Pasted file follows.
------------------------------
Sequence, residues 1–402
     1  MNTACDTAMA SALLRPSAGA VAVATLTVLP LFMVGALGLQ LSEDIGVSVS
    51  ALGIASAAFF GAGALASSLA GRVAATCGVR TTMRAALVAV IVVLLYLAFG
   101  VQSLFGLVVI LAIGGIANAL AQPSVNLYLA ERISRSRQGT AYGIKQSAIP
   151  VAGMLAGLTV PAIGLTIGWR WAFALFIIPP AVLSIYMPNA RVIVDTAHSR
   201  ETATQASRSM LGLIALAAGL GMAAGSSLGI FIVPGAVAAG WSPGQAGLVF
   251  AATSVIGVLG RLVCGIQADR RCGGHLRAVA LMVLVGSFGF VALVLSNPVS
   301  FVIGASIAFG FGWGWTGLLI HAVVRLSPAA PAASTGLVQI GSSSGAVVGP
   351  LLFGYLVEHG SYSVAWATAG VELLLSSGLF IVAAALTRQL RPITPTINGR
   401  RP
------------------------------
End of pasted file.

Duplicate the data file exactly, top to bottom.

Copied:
Sequence, residues 1–402
     1  MNTACDTAMA SALLRPSAGA VAVATLTVLP LFMVGALGLQ LSEDIGVSVS
    51  ALGIASAAFF GAGALASSLA GRVAATCGVR TTMRAALVAV IVVLLYLAFG
   101  VQSLFGLVVI LAIGGIANAL AQPSVNLYLA ERISRSRQGT AYGIKQSAIP
   151  VAGMLAGLTV PAIGLTIGWR WAFALFIIPP AVLSIYMPNA RVIVDTAHSR
   201  ETATQASRSM LGLIALAAGL GMAAGSSLGI FIVPGAVAAG WSPGQAGLVF
   251  AATSVIGVLG RLVCGIQADR RCGGHLRAVA LMVLVGSFGF VALVLSNPVS
   301  FVIGASIAFG FGWGWTGLLI HAVVRLSPAA PAASTGLVQI GSSSGAVVGP
   351  LLFGYLVEHG SYSVAWATAG VELLLSSGLF IVAAALTRQL RPITPTINGR
   401  RP